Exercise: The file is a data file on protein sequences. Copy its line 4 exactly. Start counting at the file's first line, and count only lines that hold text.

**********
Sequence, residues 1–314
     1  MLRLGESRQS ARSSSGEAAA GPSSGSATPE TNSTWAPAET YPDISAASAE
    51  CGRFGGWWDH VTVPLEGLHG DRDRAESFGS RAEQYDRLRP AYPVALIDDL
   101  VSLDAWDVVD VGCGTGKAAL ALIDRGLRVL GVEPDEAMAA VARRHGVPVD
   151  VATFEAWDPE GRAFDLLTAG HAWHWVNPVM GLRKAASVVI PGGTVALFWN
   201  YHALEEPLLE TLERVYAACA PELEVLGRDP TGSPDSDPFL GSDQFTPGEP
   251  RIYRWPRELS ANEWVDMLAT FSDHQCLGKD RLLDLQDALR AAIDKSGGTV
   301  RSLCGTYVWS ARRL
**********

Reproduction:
   101  VSLDAWDVVD VGCGTGKAAL ALIDRGLRVL GVEPDEAMAA VARRHGVPVD